torsdag 21 april 2011

The Liver channel and the Wood Element, or ”What the hell are you looking at?”

Our current channel is the liver channel, and since the season is also Spring, which links to the Wood Element that contains the liver and its paired organ the gallbladder, we´re going to look a bit at both.

The liver and gallbladder in Chinese medicine are linked to one of the Five Elements called Wood. Wood is the energy and action of growing, of wood, forest, trees – of intent and energy that goes outwards and away, pushing out for new boundaries, achieving new goals. The element is linked to the emotions of anger, irritation, frustration and bitterness, but also to the ability to act, enthusiasm, and compassion. But – hang on. Remember that this list of emotions also reflects how clean and balanced someone´s Wood element is. The more blocked, the more constant anger, frustration and irritation there will be, a short fuse and angry demeanor. If it is very blocked (called collapsed), this will turn to resentment, bitterness or even hate. The cleaner it gets, there is simply the ability and intent to do, freely and constantly, with a large amount of active compassion for the universe.

Anger is a healthy emotion. It needs to be alive in us, but balanced: an inability to express anger is as bad as expressing too much. Part of getting more balance in ourselves is to be able to be angry when there is an actual reason for it, and then let that anger go. In Chinese medicine, this would be seen as the Wood element working well with Metal, since Metal gives borders, boundaries and ethical lines, but also cuts and divides and keeps Wood in check so it keeps growing well instead of becoming a field of dandelions eating up your garden.

The Liver channel itself is 14 points. It goes all the way from the big toe in the feet up to the crown of the head. The primary channel follows the inside of the leg, circles around the genitals, continues up the side and then goes deep, entering the torso, connecting to lungs, stomach, liver, gallbladder and continuing up the throat to the mouth, nose and top of the head to Baihui, point 20 on the Governing Vessel, the highest point on the body.

Treatments using the liver channel often focus on creating free flow in the body. Pain is seen as stagnation that has lasted a long time, and can be released through this; the liver in Chinese medicine is seen as liking free movement, like growth in Spring, and it gets more angry the more blocked the path is.

The liver is also linked to emotions in the body. They should move freely, but often get stuck instead and create problems and blockages in us and our lives and our health. The liver has a relationship with grief, even though grief is linked to the lungs and Metal, because often our grief is held back by anger. It is also this that links the liver channel to treatments of depression, because often depression can be based on underlying anger, huge amounts of it, but locked, like layers of shale in rock.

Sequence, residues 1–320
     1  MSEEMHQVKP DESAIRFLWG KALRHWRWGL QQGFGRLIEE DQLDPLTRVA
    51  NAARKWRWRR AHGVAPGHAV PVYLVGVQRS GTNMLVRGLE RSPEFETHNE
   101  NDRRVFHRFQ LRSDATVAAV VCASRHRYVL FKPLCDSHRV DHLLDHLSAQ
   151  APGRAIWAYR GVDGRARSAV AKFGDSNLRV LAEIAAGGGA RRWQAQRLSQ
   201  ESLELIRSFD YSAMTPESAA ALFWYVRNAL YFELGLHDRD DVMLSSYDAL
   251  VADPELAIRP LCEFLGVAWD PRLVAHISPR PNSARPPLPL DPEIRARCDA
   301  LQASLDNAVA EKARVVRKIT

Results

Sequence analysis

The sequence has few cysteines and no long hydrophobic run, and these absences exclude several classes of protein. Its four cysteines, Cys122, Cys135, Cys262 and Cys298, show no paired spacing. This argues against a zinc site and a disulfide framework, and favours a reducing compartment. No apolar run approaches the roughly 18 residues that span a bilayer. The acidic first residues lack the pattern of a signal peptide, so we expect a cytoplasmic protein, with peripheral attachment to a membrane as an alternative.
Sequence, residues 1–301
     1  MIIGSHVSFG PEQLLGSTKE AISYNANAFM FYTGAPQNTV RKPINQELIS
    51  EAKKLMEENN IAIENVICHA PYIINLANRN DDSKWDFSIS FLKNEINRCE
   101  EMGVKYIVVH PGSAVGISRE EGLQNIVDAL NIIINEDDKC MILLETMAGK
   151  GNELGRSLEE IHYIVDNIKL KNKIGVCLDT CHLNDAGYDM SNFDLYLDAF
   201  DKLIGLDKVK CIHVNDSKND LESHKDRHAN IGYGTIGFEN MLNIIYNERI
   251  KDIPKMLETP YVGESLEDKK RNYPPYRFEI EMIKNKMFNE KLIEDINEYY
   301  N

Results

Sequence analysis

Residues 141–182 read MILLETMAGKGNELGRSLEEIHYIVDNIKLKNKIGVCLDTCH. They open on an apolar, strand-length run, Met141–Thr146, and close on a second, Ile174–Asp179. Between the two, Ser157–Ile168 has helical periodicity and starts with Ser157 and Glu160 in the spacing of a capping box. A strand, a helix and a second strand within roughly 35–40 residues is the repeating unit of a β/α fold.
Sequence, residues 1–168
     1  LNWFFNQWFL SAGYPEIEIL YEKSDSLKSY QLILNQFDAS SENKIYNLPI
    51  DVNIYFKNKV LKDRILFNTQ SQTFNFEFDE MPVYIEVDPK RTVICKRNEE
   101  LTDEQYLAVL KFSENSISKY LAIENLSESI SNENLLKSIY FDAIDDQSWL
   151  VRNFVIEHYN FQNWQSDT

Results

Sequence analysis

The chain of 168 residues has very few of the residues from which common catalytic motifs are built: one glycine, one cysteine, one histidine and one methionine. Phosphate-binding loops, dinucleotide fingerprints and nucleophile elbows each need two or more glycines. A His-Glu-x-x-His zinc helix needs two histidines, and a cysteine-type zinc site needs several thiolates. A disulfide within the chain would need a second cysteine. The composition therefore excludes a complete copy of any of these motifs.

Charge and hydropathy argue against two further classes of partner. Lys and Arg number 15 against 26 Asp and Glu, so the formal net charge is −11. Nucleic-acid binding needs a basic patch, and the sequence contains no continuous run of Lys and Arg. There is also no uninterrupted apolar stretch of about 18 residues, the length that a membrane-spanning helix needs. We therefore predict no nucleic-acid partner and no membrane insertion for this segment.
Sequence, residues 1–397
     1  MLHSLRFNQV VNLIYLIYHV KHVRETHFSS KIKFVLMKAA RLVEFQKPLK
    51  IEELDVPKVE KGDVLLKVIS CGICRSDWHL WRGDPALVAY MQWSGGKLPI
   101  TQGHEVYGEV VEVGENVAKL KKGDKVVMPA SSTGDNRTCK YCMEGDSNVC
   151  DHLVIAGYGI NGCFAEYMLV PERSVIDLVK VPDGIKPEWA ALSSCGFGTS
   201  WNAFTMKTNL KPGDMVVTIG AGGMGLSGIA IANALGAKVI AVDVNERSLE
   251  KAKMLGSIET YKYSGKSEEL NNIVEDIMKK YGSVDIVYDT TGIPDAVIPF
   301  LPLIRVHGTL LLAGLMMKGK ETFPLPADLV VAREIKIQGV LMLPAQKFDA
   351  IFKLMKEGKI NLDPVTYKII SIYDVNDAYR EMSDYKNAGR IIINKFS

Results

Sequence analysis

The ”external pathogen” for the Wood element is wind. An external pathogen is simply something that effects us from the outside of our system instead of starting inside. Wind is also something energetic that can go inside our system and create physical changes and domino-effects. Internal wind can be started from the inside or initiated from the outside, and it is when the emotions run wild and unbalanced or symptoms keep coming and going restlessly, never manifesting in one single place. This might have started in the liver or will be affecting the liver.

The Wood element and liver is also linked to the health of our ligaments and tendons, and in the old days the liver was called the General in the body, as it controls and governs movement. The heart was called the Emperor, since everything depends on it and it rules all else in the body.

Treatments on the liver channel itself is used for, among many other things, regulating menses for women, clearing up eye-problems, clearing up pain, clearing up external or internal wind, releasing tissues in general and releasing distension and pain in the chest more specifically. It can be used to calm down rebellious energy in the stomach – that is energy going up instead of down, seen as heartburn or digestion problems. It can also help treat specific organ problems with liver and gallbladder, but in Classical Chinese medicine things are not reductionist as in Western medicine, and treatments for liver and gallbladder would often involve other meridians and Elements to balance them with an organic whole and restore the health of the entire inner world of the patient, not just excise or focus on one single part of it.